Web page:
All patients with psychotic illness, including bipolar affective disorder and with organic brain syndromes, were excluded from the study.
Demographic data on sex, age, marital status, and education of the participants were obtained. The diagnosis of the cases was done through clinical interview with the patient and according to the criteria of DSM-IV-TR of SD.
PDs were measured using the Diagnostic Checklist of Personality Disorders, designed by Rashad (1997), with which patients were checked for the presence of PDs using a validated and reliable questionnaire designed to suit Saudi Arabian culture (Rashad, 1997).
In this study, descriptive statistics were examined across all variables. The χ2-test was performed for comparing qualitative variables. Statistical significance was set at P-values less than 0.05.
Odds ratio (OR) was calculated. The SPSS 12 statistical package (SPSS Inc., Chicago, Illinois, USA) was used for statistical analysis.
| Results|| |
The age range of the cases was 32–50 years (mean: 39.21±6.45 years); 55.8% of them were male and 67.3% were married; 94.2% of the participants were educated. There were no significant differences between cases and controls in terms of sociodemographic data ([Table 1]).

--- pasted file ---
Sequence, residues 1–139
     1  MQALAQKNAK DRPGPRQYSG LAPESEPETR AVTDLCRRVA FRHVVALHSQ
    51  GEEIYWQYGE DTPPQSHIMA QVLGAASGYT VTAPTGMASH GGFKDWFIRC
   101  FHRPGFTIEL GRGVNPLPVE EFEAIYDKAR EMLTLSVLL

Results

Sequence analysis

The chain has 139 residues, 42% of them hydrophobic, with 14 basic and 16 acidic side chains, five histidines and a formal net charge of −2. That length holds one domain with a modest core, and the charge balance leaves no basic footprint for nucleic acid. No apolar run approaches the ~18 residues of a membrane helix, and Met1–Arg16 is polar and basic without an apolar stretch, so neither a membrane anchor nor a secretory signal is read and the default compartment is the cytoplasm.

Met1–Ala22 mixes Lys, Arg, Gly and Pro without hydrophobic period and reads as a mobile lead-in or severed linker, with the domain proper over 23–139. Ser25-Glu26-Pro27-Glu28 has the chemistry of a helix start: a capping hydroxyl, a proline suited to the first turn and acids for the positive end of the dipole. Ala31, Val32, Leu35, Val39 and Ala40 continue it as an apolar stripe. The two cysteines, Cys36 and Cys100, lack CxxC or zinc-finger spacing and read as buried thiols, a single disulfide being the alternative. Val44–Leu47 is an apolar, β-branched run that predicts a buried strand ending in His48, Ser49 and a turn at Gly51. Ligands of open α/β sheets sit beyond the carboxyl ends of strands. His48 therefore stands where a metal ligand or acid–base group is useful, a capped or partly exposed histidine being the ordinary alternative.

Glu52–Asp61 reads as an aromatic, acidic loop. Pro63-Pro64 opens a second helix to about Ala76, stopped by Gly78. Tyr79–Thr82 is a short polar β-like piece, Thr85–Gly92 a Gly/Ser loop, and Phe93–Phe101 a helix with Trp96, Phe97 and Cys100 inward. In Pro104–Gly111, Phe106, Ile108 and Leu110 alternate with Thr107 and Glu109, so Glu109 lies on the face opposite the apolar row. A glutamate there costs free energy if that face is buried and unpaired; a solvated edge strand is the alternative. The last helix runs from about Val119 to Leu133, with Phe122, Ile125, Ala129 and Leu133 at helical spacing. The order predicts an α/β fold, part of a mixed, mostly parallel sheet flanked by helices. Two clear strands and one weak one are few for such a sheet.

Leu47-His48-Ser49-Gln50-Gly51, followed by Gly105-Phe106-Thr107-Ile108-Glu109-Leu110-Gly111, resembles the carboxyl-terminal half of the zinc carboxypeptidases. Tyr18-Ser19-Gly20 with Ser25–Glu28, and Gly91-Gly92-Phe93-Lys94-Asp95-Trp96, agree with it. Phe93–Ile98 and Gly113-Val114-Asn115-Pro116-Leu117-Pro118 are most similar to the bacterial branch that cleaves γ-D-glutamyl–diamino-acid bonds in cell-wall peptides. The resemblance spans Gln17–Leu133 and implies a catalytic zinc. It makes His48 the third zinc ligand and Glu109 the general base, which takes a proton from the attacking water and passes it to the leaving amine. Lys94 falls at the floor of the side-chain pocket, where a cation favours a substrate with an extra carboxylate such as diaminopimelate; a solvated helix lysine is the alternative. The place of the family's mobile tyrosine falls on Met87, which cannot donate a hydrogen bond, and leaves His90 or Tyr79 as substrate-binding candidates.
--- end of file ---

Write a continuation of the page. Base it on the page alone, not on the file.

The incidence of PDs in SD patients was 63.3%, compared with 10% in controls [OR=18.5294; 95% confidence interval (CI)=5.6686–60.5687].
Paranoid personality had the highest OR among PDs in patients, compared with controls (OR=18.2063; 95% CI=4.9595–66.8357), followed by obsessive personality (OR=16.5000; 95% CI=5.8373–46.6399) and histrionic personality (OR=9.0444; 95% CI=2.4677–33.1489) ([Table 2]).
|Table 2: Personality disorders among somatization disorder patients (n=52) and controls (n=40)|
Click here to view
| Discussion|| |
Many studies documented that PDs and SDs are strongly associated with each other and appear early in the history of the patient (Alnaes and Torgensen, 1988; Rost et al., 1992; Stern et al., 1993).
The current study is a case–control one carried out on 52 consecutive SD patients who were referred from primary care settings.
The age range of the participants was between 32 and 50 years (mean: 39.21±6.45 years); 55.8% of them were male and 67.3% were married; 94.2% of them were educated.
There were no significant differences in sociodemographic data.
This study revealed that the prevalence of PDs among SD patients was 63.3%, which was similar to the finding in other studies on the same subject (Garcia-Campayo et al., 2007).
The prevalence of PDs among SD patients was 62.9%. In the study by Rost et al. (1992), the prevalence was 61% and more than half of them (37.2%) had two or more PDs. In the study by Alnaes and Torgensen (1988), the prevalence was 64%, and in Stern et al. (1993) the prevalence was 72%.